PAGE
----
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´╗┐Title: The Book of Riddles
Author: Anonymous
Language: English
As this book started as an ASCII text book there are no pictures available.
Copyright Status: Not copyrighted in the United States. If you live elsewhere check the laws of your country before downloading this ebook. See comments about copyright issues at end of book.

*** Start of this Doctrine Publishing Corporation Digital Book "The Book of Riddles" ***

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Collections, University Libraries, Ball State University,
the Milne Special Collections, University of New Hampshire,
Durham, New Hampshire and the Online Distributed





  A  B  C  D  E  F
  G  H  I  J  K  L
  M  N  O  P  Q  R
  S  T  U  V  W  X
  Y  Z  &.

  1 2 3 4 5 6 7 8
        9 0.




    'Tis true I have both face and hands,
    And move before your eyes,
    Yet when I go, my body stands,
    And when I stand, I lie.

                              _A Clock._


    My clothing's fine as velvet rare,
    Though under earth my dwellings are;
    And when above it I appear,
    My enemies put me oft in fear.
    The gard'ner does at me repine,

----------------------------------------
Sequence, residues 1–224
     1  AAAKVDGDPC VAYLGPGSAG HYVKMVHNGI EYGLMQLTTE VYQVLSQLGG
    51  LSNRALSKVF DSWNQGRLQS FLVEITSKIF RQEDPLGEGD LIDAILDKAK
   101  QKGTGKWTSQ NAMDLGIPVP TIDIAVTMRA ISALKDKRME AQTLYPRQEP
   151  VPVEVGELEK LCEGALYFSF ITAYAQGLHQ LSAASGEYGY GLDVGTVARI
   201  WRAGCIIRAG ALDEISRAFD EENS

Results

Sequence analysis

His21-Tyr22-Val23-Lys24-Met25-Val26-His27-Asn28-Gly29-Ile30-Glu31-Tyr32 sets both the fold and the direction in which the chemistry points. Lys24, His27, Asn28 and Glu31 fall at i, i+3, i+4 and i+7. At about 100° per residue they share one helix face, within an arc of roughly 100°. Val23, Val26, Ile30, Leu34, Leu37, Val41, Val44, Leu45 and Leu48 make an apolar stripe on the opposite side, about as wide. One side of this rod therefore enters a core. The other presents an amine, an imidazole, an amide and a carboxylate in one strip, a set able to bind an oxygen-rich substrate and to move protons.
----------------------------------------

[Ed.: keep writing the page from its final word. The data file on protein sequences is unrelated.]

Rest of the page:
I spoil his works as he does mine.

                            _The Mole._


    My form is beauteous to the ravish'd sight,
    My habit gay, my color gold or white;
    When ladies take the air, I without pride,
    A faithful partner am close by their side.
    I near their persons constantly remain,
    A favorite slave, bound with a golden chain;
    And though I can both speak and go alone,
    Yet are my motions to myself unknown.

                                      _A Watch._


    Emblem of youth and innocence
    With walls enclosed for my defence,
      And with no care opprest,
    I boldly spread my charms around,
    'Till some rude lover breaks the mound,
      And takes me to his breast.
    Here soon I sicken and decay:
    My beauty lost, I'm turned away,
    And thrown into the street;
    Where I despised, neglected lie,
    See no Samaritans pass by,
      But numerous insults meet.

                                  _A Rose._


    Two twins we are, and, let it not surprise,
    Alike in every feature, shape, and size:
    We're square, or round, of brass or iron made,
    Sometimes of wood, yet useful found in trade;
    But, to conclude, for all our daily pains,
    We by the neck are often hung in chains.

                              _A Pair of Scales._


    I was before the world began,
      And shall forever last;
    Ere father Adam was a man,
      Or out of Eden cast.
    Your youthful moments I attend,
      And mitigate your grief;
    The industrious peasant I befriend,
      To pris'ners give relief.
    Make much of me if you are wise,
      And use me while you may,
    For you will lose me in a trice.
      As I for no man stay.


    The ancients represented time by the figure of a man, with broad
    wings, spread out, as denoting its flight, or that time is ever on
    the wing. In one hand he held an hour-glass, to show that as the